Saturday, August 31, 2013

Yet More Air Freight Corruption Costs a Packet as Cargo Airlines Fined (Again)

Company Crashed as South America Joins in Punishment Campaign Against Conspirators
Shipping News Feature

BRAZIL – Earlier this week, Brazil’s competition authority the Administative Council of Economic Defence (Cade) fined four airlines, ABSA Cargo Airlines, Varig Logística, American Airlines and Alitalia and seven individuals a total of more than R$293 million, for their part in an air cargo price fixing cartel relating to additional fuel surcharges on international air freight shipments. The collusion took place between 2003 and 2005 and, according to Cade, the participating companies came to control about 60% of the market in Brazil during this period and the prosecution has caused one company to go under.

The air cargo cartel investigation began in 2006 from a leniency agreement between Cade and Deutsche Lufthansa AG airlines; two of its subsidiaries, Lufthansa Cargo AG and Swiss International Airlines; and unnamed five individuals who, presumably worked or still work for the group. United Airlines and employee Luiz Fernando Costa were also initially embroiled in the investigation but were later acquitted due to lack of evidence.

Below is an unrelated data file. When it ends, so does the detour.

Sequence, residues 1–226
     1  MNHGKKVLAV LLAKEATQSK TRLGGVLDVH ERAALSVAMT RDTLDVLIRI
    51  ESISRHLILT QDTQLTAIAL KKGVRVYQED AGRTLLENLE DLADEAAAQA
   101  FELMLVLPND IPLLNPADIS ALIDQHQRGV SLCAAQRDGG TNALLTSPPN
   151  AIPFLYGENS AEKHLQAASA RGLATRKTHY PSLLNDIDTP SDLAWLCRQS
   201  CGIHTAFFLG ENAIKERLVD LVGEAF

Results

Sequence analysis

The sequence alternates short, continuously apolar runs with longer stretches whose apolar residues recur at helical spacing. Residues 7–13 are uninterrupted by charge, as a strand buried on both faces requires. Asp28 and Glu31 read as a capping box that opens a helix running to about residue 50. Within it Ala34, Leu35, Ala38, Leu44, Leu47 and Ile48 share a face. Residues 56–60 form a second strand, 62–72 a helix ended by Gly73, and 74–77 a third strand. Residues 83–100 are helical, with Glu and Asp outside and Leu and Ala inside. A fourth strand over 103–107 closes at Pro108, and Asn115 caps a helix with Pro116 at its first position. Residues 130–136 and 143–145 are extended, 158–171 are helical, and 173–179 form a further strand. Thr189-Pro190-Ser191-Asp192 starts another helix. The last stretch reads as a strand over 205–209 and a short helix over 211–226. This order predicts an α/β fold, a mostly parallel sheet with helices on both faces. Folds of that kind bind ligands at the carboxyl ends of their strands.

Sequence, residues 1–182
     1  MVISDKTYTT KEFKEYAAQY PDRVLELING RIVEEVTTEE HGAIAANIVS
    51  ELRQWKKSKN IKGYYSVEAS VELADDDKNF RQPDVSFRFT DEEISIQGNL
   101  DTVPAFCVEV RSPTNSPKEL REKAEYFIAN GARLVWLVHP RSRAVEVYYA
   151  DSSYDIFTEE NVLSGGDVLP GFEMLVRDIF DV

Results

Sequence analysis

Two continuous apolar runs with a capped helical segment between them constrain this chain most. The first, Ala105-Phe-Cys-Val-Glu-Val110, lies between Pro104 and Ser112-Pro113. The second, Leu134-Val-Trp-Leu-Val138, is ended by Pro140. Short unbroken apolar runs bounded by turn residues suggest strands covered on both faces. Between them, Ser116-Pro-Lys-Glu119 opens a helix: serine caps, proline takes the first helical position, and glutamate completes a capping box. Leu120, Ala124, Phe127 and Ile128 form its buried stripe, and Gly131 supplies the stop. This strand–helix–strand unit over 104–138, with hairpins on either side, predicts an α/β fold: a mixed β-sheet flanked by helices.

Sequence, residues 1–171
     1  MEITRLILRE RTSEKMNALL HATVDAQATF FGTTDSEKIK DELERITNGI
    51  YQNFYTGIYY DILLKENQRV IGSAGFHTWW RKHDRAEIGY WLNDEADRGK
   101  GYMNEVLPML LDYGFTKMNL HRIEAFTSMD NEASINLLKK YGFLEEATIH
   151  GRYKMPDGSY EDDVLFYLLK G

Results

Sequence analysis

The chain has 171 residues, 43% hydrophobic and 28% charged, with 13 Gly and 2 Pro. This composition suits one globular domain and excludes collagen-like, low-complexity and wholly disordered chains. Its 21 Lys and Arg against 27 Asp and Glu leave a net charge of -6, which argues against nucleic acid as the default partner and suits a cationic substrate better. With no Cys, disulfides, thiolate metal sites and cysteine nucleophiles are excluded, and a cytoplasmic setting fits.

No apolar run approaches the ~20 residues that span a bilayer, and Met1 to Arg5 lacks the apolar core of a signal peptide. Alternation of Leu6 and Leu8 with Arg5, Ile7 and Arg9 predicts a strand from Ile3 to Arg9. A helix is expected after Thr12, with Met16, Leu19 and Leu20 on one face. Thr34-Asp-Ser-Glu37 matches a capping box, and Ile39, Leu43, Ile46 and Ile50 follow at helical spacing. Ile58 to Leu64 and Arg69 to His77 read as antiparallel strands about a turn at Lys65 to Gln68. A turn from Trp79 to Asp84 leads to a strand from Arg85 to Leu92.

The penalty judgements for each of the employees, Marcelo Del Padre, AA Cargo; Margareth de Almeida Faria, Varig Logística; José Roberto de Costa, Varig Logística; Norberto Maria Jochmann, Hernán Arturo Merino Figueroa, and Javier Felipe Meyer de Pablo, ABSA; and Dener José de Souza, AA Cargo, is dependent on their position within the company, but reports suggest that the fine could range from R$74,000 to R$2.3 million.

ABSA, a subsidiary of LATAM airlines, which was also fined last week for its part in an ongoing air cargo antitrust case by the Canadian authorities, has apparently been ordered to pay R$114 million. Since the start of Brazil’s investigation, Varig Logística, operating as VariLog, suspended its operations and later declared bankruptcy. According to local reports, Cade imposed the largest fine on Varig Logística, penalising the company R$145 million, whilst American Airlines were ordered to pay R$26 million and Alitalia R$4 million.

In February, the airlines Société Air France and KLM and two employees, Paulo Jofily de Monteiro Lima and Renata de Souza Branco, respectively, confessed to participating in the collusion and agreed to cease the practice and pay about R$14 million in financial assistance.